Set-aside set to tumble


Defra have announced today that the amount of farmland left uncropped is likely to fall by more than 50% in 2008. The results from Defra's Farm Business Survey (FBS) are in line with the department's earlier analysis of the likely impact of the decision by the EU to set the set-aside rate to 0% this year.

Within the overall change, the non-rotational area - land left out of production for more than a single year - is expected to fall by 35%, while the rotational area - land left out of production for one year only - is expected to fall by 85%, reflecting the ease of bringing this land into cultivation. The area in margins and corners of fields is expected to fall by 13% overall, with greater reductions on farms not in Environmental Stewardship. These results are the first major piece of evidence on farmers' planting decisions and intentions for 2008 and beyond and comes from an extension to the long-running survey.

Set-aside is good for birds because it provides ample food in winter and undisturbed nesting sites in spring. In East Anglia, 80% of Linnets spend the winter on set-aside, compared to 1% on winter cereals. In France, the Little Bustard is dependent on set-aside, in Austria, set-aside is important to birds of prey and a range of farmland birds. In Sweden, some farmland bird populations, including House Sparrows, vary according to the amount of set-aside.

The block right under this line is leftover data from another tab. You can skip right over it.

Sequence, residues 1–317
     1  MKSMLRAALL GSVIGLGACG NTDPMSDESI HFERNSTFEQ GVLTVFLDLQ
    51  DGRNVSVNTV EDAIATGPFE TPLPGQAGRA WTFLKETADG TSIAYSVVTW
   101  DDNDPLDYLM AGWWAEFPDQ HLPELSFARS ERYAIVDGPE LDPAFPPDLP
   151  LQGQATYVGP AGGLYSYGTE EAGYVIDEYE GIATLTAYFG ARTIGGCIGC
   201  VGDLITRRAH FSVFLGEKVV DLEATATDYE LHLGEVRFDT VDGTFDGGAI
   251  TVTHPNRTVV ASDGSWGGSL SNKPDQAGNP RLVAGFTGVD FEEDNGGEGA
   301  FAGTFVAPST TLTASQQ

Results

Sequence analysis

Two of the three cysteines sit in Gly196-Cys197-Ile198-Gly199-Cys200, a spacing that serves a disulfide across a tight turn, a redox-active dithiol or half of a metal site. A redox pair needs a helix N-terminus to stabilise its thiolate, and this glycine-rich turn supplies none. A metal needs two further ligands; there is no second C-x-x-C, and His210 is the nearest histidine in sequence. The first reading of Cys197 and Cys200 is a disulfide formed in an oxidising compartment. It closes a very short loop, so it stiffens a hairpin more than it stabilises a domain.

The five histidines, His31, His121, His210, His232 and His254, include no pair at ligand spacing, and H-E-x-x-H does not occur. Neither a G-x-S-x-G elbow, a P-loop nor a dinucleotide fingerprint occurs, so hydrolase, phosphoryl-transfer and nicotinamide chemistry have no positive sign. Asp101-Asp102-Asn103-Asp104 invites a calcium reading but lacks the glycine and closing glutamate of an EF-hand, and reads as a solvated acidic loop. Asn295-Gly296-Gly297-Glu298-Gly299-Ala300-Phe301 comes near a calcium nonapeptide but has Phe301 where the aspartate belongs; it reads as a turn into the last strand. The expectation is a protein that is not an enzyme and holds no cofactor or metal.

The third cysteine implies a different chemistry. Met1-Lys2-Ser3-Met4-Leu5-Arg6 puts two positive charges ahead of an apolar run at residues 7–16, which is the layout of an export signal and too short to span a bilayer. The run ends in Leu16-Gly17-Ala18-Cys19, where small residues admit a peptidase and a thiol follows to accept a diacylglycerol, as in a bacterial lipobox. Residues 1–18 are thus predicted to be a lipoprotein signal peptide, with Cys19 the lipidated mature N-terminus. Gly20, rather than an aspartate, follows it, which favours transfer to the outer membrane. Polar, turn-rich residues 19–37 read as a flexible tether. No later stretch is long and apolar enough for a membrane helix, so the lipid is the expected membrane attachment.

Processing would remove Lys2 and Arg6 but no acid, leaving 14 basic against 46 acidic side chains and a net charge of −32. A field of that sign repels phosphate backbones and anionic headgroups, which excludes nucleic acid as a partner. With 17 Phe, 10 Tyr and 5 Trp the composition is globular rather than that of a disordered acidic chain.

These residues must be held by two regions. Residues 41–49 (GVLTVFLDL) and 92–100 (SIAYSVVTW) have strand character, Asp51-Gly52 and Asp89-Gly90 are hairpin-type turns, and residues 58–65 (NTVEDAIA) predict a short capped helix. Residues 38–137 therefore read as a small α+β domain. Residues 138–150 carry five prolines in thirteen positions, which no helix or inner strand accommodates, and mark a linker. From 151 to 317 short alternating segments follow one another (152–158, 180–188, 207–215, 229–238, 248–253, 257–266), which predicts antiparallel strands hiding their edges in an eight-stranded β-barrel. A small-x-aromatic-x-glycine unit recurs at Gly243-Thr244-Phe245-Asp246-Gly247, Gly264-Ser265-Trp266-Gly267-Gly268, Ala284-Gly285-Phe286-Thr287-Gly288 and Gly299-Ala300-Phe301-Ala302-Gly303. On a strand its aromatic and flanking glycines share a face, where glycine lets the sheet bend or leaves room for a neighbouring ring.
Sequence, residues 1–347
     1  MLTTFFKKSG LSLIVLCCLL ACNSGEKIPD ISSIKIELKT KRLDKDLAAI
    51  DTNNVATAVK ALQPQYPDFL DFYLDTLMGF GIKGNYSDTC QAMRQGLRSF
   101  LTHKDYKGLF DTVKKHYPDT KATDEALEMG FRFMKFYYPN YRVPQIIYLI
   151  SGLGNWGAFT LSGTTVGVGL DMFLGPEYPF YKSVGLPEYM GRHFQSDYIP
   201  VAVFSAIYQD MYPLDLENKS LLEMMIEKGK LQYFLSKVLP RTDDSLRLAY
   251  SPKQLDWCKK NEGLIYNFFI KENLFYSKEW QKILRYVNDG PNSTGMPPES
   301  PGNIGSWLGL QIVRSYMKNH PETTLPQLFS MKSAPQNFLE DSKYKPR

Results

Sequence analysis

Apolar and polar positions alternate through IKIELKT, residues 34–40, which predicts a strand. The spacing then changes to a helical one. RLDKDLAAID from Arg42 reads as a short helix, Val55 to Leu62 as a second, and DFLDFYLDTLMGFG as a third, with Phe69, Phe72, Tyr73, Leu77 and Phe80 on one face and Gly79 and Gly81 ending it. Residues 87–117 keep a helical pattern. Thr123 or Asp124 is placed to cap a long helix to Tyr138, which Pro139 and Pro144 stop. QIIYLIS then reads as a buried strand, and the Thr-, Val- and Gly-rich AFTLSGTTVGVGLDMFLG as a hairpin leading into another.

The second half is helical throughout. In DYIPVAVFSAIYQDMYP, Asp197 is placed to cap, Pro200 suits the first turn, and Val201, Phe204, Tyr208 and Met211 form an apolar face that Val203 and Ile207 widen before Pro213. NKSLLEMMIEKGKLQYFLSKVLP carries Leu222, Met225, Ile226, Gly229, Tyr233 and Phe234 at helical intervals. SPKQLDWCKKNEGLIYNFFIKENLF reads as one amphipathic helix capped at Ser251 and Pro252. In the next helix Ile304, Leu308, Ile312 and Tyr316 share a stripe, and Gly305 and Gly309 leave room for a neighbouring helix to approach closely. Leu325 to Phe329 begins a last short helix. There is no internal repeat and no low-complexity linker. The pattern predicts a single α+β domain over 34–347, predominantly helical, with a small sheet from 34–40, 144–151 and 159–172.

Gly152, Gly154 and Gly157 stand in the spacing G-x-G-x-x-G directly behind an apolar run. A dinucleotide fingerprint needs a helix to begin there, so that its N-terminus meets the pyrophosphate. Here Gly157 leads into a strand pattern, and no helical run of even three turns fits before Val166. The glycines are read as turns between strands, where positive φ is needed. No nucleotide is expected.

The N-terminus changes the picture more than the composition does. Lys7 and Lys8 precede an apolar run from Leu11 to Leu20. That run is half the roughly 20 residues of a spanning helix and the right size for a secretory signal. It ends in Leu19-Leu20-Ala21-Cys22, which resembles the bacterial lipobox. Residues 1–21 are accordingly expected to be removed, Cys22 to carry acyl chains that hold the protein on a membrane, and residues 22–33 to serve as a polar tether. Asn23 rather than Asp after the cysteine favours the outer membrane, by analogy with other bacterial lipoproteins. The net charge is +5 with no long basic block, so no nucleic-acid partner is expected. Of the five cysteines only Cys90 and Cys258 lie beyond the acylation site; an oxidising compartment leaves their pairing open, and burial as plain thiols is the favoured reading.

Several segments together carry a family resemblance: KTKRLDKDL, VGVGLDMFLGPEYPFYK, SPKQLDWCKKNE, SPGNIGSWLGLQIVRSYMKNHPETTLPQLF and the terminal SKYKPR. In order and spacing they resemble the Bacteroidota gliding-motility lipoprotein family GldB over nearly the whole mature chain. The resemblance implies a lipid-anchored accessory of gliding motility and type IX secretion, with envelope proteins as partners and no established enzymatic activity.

Linnet, North Wirral CP, Cheshire (Photo: Richard Steel)

The RSPB warns that wildlife such as Skylarks and Stone Curlews could be under threat due to large areas of set-aside farmland going under the plough this winter. Last year the RSPB predicted that high prices for wheat, caused in part by the worrying government incentives to grow biofuels, would prove impossible for farmers to ignore, but the sheer scale of the habitat loss shown in Defra's announcement today comes as a unwelcome shock. The issue was highlighted by the RSPB when the European Commission announced its plans for the amount of set-aside land to be at 0% last summer. RSPB research suggests that the loss of uncropped land on this scale, especially if mirrored across Europe, could have significant impacts on wildlife. You can read our previous article here.

Skylark, undisclosed site, Northumberland (Photo: Garth Peacock)

The RSPB's Gareth Morgan, Head of Agriculture Policy, says "We are extremely worried about what this means for wildlife especially as the European Commission have failed to put a realistic proposal on the table for anything to replace the wildlife benefits of set-aside. We applaud Defra for undertaking this research but these results are a wake-up call. They must now act to ensure a measure is adopted on all farmland in England."

The current "Health Check" of the CAP provides an ideal opportunity for the UK to take the lead and convince other European countries that a measure to replace the wildlife benefits of set-aside across the whole of Europe is needed.

Environment Secretary, Hilary Benn said, "This first piece of evidence from the Defra's Agriculture Change and Environment Observatory (ACEO) will help in assessing the scale and nature of the likely environmental impacts of the move away from set-aside in England. I look forward to further evidence coming from the programme to provide a firm basis for informing any future action".

Written by: Fiona Barclay